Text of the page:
Proper treatment requires proper diagnosis -- Cardiac catheterization provides the most precise diagnosis currently possible in most cardiac conditions, particularly those diseases affecting the coronary arteries (Coronary artery disease). This procedure was initially performed (in a very limited fashion) in 1929. The first coronary angiograms were done in 1958. Overall, it is safe (although there are some risks involved) and well-tolerated. However, it also is scary to think about having your heart worked on, and most people who are told they need to have this procedure are understandably concerned.
The animation above illustrates a cardiac catheterization. In this example, the procedure is being done from the leg (in some circumstances, the procedure is done from the arm or wrist). The patient is generally sedated to some degree. Local anesthetic is used to numb the area over the blood vessels. The catheters are advanced through the large vessels to the heart with the aid of x-rays. Since the blood vessels do not have pain fibers, the catheters are not felt as they are moved through the blood vessels. Pressures are measured in various chambers of the heart. "Dye", more properly called contrast material, is injected into the blood vessels. This allows a picture to be made of the inside of the blood vessel with the aid of x-rays.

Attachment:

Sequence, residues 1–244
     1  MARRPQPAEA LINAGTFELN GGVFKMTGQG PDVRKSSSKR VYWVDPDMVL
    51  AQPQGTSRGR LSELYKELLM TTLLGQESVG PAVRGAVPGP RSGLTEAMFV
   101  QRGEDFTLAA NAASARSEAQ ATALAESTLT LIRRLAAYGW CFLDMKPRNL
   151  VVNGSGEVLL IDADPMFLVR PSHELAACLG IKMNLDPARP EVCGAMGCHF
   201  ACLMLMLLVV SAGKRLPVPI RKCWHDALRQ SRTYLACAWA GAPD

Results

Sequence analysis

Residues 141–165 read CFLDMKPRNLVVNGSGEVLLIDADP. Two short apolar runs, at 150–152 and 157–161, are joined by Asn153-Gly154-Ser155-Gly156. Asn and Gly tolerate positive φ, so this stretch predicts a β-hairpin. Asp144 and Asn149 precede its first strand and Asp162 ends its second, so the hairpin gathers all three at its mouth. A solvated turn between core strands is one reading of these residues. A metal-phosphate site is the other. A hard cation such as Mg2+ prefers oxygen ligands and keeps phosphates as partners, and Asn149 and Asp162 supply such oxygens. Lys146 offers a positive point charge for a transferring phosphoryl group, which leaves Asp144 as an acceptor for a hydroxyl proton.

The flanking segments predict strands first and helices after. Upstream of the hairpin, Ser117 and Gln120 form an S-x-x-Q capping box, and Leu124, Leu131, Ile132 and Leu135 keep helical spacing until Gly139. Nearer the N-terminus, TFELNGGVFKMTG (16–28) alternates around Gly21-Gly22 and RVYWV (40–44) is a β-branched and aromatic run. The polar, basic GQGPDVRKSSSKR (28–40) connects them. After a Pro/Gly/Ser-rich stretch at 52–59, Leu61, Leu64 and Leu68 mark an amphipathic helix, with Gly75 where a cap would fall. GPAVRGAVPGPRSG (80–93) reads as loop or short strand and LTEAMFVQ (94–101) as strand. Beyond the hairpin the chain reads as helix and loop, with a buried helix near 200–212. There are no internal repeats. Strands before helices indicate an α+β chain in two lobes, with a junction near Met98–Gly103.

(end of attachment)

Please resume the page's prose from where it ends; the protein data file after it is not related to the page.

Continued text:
Press the "Tell Me More" button to learn more about this fascinating and useful procedure. You may also want to check out the links to other areas on HeartPoint which discuss the heart's function and anatomy for further insight and information.
©COPY;1997 HeartPoint Updated November 1998
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